With Kung Fu Hustle, Chow struck gold. The film went on to become the second highest grossing film in Hong Kong history after Titanic and was nominated for a Golden Globe.
Those films were built around Chow’s signature comedic style, which is heavily influenced by American slapstick and classic Warner Bros. cartoons, creating a unique and whimsical world where the rules of physics are stretched to fantastic proportions. It seemed like only a matter of time before Chow would attempt to direct a children’s film. With his latest comedic outing, CJ7, Chow finally makes the leap into kids’ movies.
CJ7 tells the story of a down on his luck construction worker and single parent (played by Chow) who finds a strange ball in the junkyard that he gives to his young son Dicky (actually played by a girl, Xu Jiao). The toy turns out to be from space and transforms into the title character, a computer generated alien toy dog.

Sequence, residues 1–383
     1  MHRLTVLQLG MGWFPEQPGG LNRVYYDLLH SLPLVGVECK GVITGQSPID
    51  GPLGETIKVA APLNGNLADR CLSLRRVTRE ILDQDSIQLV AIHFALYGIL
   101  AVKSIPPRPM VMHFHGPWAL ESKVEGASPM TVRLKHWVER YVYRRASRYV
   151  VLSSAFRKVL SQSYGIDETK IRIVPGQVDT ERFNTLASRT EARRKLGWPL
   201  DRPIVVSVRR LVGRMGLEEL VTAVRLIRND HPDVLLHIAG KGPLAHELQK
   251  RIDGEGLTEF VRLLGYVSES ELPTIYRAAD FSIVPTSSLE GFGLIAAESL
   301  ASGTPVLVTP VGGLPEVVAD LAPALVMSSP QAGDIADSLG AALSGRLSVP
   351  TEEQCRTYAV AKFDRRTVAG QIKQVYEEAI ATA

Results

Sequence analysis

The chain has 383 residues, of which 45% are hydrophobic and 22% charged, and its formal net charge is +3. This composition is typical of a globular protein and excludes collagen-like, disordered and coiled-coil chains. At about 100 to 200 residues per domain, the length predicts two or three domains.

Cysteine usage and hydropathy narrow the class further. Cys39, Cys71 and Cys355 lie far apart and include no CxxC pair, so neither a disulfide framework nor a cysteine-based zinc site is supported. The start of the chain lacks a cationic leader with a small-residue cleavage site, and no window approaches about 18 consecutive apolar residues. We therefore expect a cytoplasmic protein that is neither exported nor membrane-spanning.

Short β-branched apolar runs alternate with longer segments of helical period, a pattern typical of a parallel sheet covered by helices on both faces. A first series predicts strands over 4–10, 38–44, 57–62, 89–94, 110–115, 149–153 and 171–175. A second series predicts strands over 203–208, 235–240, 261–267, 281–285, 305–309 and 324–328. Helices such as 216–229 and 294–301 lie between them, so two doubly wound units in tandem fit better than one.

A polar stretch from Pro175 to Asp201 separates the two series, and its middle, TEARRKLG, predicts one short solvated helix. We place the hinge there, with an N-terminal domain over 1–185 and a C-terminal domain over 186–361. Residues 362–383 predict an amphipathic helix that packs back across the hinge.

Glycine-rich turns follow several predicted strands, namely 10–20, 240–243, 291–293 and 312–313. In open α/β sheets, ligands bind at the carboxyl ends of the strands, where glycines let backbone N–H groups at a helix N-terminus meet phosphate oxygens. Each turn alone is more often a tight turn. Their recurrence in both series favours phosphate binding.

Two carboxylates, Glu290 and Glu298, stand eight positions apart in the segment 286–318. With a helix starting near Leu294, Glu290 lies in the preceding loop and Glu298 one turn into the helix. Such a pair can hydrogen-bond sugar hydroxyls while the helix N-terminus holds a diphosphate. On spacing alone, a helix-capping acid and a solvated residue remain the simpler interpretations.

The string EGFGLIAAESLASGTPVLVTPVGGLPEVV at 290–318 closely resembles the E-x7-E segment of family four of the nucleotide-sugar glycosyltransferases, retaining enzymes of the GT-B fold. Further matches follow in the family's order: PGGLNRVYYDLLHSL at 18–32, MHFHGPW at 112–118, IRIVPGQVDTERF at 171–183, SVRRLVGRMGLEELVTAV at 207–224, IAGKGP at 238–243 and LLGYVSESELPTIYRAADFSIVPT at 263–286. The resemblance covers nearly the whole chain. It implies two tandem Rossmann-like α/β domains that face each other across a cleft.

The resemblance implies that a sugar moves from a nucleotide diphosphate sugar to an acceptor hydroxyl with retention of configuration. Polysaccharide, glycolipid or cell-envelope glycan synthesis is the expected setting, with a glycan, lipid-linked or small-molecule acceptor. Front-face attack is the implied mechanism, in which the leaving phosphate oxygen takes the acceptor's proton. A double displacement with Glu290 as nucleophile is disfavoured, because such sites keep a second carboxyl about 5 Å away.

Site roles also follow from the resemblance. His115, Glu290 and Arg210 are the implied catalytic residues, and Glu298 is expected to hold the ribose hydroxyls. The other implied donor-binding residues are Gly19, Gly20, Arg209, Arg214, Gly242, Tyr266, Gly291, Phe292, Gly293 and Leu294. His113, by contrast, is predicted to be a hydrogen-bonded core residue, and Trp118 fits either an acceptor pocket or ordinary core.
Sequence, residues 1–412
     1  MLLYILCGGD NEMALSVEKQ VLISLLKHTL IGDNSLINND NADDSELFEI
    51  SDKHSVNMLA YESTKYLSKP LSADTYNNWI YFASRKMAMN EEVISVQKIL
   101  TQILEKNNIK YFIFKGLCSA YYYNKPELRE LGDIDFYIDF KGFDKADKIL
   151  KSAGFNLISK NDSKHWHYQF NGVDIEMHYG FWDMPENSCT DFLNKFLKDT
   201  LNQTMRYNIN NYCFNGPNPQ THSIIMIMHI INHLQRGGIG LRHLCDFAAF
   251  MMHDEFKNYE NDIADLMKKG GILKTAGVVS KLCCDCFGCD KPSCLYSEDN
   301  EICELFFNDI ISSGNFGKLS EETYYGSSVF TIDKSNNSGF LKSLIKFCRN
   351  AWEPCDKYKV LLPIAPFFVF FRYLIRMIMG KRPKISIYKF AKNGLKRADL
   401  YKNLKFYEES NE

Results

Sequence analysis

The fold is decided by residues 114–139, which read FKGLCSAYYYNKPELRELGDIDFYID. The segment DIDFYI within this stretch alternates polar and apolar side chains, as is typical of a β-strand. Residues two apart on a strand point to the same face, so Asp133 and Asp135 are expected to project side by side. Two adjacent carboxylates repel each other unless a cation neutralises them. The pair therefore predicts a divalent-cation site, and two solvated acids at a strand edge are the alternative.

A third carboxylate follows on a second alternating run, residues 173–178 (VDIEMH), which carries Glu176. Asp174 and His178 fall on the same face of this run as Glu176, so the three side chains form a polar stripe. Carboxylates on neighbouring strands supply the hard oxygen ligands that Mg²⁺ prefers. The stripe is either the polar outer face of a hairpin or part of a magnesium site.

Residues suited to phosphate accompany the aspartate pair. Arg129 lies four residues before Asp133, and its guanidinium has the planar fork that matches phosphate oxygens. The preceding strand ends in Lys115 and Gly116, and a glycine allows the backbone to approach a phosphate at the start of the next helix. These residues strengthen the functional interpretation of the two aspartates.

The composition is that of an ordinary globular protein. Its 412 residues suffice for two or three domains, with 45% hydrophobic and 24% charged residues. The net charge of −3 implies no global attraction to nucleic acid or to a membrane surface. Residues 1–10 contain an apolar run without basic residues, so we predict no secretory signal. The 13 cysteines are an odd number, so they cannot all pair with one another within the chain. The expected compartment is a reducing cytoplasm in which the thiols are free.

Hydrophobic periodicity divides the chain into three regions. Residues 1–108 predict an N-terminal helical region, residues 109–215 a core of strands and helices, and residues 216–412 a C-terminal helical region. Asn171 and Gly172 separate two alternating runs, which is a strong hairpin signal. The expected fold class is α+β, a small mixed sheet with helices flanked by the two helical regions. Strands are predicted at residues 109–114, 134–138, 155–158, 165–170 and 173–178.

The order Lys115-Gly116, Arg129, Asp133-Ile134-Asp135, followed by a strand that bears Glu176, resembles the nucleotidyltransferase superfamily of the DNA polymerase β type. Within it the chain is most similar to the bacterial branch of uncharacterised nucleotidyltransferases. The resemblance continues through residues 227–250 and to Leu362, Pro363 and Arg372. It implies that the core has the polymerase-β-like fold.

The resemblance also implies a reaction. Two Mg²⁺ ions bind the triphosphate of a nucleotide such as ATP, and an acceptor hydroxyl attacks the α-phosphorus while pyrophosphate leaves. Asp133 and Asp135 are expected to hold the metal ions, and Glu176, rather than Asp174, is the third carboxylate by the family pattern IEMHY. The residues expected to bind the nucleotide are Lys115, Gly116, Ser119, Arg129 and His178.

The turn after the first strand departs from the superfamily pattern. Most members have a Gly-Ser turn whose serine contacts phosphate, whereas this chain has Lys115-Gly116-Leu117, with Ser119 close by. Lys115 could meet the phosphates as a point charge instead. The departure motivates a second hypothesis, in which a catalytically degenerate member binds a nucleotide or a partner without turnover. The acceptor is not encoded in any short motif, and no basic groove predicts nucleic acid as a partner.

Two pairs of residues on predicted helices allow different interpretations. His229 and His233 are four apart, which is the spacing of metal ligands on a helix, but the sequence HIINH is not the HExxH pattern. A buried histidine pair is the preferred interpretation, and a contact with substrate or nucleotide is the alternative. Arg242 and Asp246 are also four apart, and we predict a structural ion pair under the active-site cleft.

The film is a whimsical fantasy told from a child’s perspective and contains plenty of the hyper-stylized fight sequences that made his previous works so loved. But CJ7 is a very different story from the action oriented Shaolin Soccer and Kung Fu Hustle. So how did Chow prepare himself for the experience of making a children’s movie?
“I did once serve as the host of a children’s television series,” says Chow. “And also the influence of Spielberg’s E.T.”
While the special effects are an important part of the film, it’s the gender-bending performance of 10-year old Xu Jiao as Dicky that grounds the film. Nearly 10,000 kids were seen before she was chosen.
The fact that Xu is a girl does not distract from the film. She fully embodies the role, never once allowing the audience to suspect otherwise.
Chow’s upcoming projects seem to be generating just as much buzz as his current film. He’s involved in the production of the much-anticipated Dragon Ball Z movie coming out this summer, and he’s also developing a sequel to Kung Fu Hustle.
CJ7 releases in select theaters March 7.